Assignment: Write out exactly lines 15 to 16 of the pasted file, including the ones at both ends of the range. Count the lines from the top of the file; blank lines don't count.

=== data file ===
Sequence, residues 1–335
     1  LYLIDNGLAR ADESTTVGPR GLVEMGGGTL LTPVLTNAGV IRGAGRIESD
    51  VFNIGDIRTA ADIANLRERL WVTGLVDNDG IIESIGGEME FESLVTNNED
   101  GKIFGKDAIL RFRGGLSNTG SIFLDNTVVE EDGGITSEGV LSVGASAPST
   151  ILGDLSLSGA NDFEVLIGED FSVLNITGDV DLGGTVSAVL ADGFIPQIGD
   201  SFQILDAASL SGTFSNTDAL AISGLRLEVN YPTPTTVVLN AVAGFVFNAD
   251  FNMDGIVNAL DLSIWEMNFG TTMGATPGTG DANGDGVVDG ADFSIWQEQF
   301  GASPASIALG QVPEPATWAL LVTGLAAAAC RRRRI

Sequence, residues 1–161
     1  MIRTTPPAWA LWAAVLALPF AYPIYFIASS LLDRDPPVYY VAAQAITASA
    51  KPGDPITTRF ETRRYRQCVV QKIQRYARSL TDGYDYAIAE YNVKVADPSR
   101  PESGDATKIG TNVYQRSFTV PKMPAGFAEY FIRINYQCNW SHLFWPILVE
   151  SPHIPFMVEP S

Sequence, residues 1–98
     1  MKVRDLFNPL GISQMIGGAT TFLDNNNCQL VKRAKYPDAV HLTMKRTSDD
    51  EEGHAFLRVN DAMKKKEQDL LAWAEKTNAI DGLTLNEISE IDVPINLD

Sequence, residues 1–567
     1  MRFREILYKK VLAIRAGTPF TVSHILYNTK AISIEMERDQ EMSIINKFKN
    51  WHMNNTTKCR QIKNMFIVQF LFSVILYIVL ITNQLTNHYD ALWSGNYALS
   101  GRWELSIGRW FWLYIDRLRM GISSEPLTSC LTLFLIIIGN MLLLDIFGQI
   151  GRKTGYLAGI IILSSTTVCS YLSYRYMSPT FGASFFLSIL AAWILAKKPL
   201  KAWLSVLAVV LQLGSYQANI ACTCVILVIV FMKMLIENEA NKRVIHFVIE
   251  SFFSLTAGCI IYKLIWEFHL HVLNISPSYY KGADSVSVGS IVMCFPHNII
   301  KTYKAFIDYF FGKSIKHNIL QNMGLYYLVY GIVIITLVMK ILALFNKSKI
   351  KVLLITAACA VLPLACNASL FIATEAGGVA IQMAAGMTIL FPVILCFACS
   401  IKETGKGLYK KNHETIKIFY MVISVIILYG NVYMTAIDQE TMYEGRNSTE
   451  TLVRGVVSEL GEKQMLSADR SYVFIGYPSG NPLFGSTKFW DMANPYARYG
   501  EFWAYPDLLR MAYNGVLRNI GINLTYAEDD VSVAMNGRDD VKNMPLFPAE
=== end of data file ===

     1  MKVRDLFNPL GISQMIGGAT TFLDNNNCQL VKRAKYPDAV HLTMKRTSDD
    51  EEGHAFLRVN DAMKKKEQDL LAWAEKTNAI DGLTLNEISE IDVPINLD